A sympathetic revisiting of the King of Pop's rich musical legacy.
In 1983, writes noted music critic and memoirist George (City Kid: A Writer's Memoir of Ghetto Life and Post-Soul Success, 2009, etc.), “Dell published my first book, The Michael Jackson Story, a pocket-sized quickie biography of the singer” that capitalized on his unprecedented success. Fittingly, the author now offers this reverent—but not wholly uncritical—blend of memoir, music journalism and pop sociology to commemorate the untimely death of the controversial but immensely gifted pop icon. George traces his own memories of the Jackson 5 and Michael Jackson's solo career, both as a live act and through the recordings, while growing up in ’70s Brooklyn. He depicts the rise of the Jackson family from working-class Gary, Ind., as partly stemming from patriarch Joe Jackson's own frustrated ambitions as a musician. George expertly examines important turning points in Jackson's career, including the profound influence of disco (Saturday Night Fever, especially) on his work, leading to the smash album Off the Wall in 1979, which set the stage for the paradigm-shifting 1982 breakthrough, Thriller. That album's barrier-breaking influence opened doors for not only black performers but African-Americans as a whole. (George posits the success of Thriller as a catalyst for the rise to power of Oprah, and even Barack Obama.) The author helpfully acknowledges the behind-the-scenes session players and producers who kept the Jackson juggernaut rolling for so long—most importantly, Thriller mastermind Quincy Jones. But George also considers the downside of Thriller's runaway success. Jackson's newly inflated commercial ambitions, among other things, led to the infamous Pepsi ad rehearsal during which the performer's hair caught fire, an incident that may have begun his longtime addiction to painkillers. Sadly, the post-Thriller era ushered in the weirdly “eccentric” side of Jackson, which ultimately led to bad business deals, failed marriages and ignominious sex scandals.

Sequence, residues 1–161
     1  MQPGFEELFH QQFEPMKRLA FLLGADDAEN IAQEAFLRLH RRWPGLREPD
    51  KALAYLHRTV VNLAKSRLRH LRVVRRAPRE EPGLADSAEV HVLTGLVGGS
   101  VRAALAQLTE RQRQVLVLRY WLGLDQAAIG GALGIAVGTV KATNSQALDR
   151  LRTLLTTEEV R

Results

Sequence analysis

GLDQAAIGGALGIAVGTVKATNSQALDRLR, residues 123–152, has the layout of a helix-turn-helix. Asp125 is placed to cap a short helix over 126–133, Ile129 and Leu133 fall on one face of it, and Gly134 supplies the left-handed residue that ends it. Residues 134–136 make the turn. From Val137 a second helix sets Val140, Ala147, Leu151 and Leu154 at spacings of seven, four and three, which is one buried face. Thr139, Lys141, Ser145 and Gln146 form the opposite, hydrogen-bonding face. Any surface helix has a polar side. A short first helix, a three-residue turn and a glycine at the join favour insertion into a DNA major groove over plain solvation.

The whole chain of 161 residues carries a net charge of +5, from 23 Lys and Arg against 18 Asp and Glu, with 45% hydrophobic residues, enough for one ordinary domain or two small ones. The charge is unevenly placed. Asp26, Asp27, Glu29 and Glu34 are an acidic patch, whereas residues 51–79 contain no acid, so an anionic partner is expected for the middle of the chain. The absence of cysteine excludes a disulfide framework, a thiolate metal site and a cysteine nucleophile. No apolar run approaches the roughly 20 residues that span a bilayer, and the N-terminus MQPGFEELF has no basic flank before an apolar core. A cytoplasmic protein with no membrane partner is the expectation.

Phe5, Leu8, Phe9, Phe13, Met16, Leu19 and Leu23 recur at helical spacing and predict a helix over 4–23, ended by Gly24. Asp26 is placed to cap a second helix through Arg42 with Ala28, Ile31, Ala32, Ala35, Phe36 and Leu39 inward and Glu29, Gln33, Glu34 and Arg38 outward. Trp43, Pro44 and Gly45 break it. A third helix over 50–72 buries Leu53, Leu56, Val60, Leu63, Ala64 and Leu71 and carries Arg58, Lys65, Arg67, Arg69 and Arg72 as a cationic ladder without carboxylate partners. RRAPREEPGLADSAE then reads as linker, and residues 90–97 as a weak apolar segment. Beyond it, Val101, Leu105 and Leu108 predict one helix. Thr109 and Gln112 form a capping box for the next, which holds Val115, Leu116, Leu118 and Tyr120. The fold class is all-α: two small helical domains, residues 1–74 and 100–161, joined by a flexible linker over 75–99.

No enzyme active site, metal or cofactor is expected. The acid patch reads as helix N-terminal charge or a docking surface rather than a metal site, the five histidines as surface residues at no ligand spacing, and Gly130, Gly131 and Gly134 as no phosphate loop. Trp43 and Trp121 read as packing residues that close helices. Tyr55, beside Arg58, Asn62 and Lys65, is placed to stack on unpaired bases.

A worthy postmortem tribute that admirably avoids both easy sensationalism and knee-jerk sentimentalism.